"Fortunately, with Republicans in charge of Congress, Alaskans need not worry about this becoming law," she added.
The president's proposal is in many ways an updated version of a very old idea to increase federal taxes on gasoline and diesel as a way to raise revenue, pay for transport infrastructure and promote energy efficiency.
The federal government began collecting taxes on gasoline sales at the rate of 1 cent per gallon in 1932, increased to 2 cents in 1951, 4 cents in 1959, 9 cents in 1983, 14 cents in 1990 and 18.4 cents in 1993 (tmsnrt.rs/1TIzcAP).
The government also collects taxes on diesel, as well as on gasohol, compressed natural gas and other special fuels ("Federal Tax Rates on Motor Fuels and Lubricating Oil", Federal Highway Administration, 2014).
Revenues from fuel taxes are used to pay for maintenance and improvements of highways and bridges through the Highway Trust Fund.
In most cases the rates have remained essentially unchanged since 1993 even though inflation has eroded them in real terms because it has improved impossible to reach a political agreement within Congress to raise them.
The president's proposal for a $10 per barrel fee on oil is equivalent to an increase in fuel taxes of 22-24 cents per gallon, on top of the existing tax rates.
The proposed raise would be unprecedented in terms of both the size of the increase and the end total tax rate.
There are good arguments in favor of increasing fuel taxes to promote energy efficiency and reduce carbon emissions; the idea was supported by the former head of the International Energy Agency.
In theory, it is much easier to raise taxes when oil prices are low because the cost of fuel is less salient as a political issue.
But given that Congress has not managed to enact any increase in fuel taxes for two decades, it is very unlikely lawmakers would suddenly agree to an effective doubling of the tax rate on gasoline and diesel.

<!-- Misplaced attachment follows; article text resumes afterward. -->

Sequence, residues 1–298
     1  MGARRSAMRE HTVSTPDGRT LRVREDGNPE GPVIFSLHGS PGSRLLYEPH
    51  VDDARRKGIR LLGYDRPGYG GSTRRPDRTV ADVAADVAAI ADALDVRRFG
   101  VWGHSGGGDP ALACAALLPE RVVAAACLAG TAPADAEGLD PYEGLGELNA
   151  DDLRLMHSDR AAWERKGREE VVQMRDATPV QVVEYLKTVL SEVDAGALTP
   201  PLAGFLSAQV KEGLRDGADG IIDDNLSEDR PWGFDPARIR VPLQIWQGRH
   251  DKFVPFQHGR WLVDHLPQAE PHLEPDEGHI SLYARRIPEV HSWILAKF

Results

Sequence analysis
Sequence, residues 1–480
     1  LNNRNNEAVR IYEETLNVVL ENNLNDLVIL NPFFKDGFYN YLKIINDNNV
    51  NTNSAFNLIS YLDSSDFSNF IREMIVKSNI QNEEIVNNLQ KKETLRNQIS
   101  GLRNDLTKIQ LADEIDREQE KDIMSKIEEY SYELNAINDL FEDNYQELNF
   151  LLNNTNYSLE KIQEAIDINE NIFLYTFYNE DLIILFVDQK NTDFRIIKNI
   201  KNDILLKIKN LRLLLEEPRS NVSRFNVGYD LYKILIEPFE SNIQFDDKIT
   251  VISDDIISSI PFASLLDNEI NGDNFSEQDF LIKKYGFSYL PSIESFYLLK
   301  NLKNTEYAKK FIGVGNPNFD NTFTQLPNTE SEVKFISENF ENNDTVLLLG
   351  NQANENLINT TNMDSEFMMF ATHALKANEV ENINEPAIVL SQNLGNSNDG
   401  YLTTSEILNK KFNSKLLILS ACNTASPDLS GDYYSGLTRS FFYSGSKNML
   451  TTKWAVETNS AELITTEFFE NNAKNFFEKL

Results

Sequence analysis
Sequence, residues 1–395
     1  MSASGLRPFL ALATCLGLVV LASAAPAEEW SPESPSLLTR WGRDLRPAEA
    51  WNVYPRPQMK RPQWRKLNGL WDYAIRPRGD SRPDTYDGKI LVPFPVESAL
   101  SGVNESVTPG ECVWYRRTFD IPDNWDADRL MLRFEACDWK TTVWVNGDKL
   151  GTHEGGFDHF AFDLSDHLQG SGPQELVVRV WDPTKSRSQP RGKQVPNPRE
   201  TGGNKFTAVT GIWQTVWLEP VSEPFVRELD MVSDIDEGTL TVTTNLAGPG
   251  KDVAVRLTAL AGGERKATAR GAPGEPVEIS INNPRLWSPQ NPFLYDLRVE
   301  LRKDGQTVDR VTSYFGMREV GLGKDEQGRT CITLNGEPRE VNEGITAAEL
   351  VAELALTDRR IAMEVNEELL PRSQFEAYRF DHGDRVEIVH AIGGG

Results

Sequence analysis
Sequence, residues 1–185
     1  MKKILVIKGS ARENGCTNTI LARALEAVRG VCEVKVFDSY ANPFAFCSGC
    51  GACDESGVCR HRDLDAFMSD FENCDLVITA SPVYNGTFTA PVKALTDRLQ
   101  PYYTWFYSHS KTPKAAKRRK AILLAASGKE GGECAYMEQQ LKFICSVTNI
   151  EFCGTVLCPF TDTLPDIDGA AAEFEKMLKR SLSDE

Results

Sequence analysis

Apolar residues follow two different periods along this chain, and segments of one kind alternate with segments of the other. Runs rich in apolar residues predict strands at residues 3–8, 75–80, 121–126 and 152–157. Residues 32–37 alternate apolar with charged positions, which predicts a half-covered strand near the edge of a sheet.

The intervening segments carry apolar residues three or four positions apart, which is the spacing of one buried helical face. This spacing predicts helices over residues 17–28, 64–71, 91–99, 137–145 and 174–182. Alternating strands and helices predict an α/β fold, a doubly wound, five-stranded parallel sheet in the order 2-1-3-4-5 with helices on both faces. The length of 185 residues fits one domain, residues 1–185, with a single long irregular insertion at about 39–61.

Even the administration does not appear to be taking the proposal seriously.
When asked how the tax would work, the director of the White House economic council said only that it would be paid by oil companies but not at the wellhead where oil is produced.
"We look forward to working through the details with Congress," he said ("Obama proposes $10 per barrel oil tax", Financial Times, Feb. 4).
The chances of a Republican-controlled Congress with close ties to oil and gas producers and an aversion to increasing taxes "working through the details" are not significantly different from zero.
The administration is well aware of all this. The president's clean transportation plan and its $10 oil tax are a piece of political theater rather than meant to be taken as a serious policy proposal.
Climate change is a legacy issue for the president, an area where the administration wants to show historians it made a real difference.
The clean transportation plan and oil tax are a way of burnishing that legacy and putting the media spotlight on to the administration's climate policy.
In that sense, they succeeded. Most news outlets dutifully wrote it up and it will now be analyzed in detail by policy analysts across Washington.
It could also create a marker for future discussions about increasing gasoline taxes or even introducing an economy-wide carbon tax.
But while the talk of a $10 oil tax may seize the headlines, it has virtually no chance of becoming law in the foreseeable future.
(John Kemp is a Reuters market analyst. The views expressed are his own.)
(Editing by David Evans)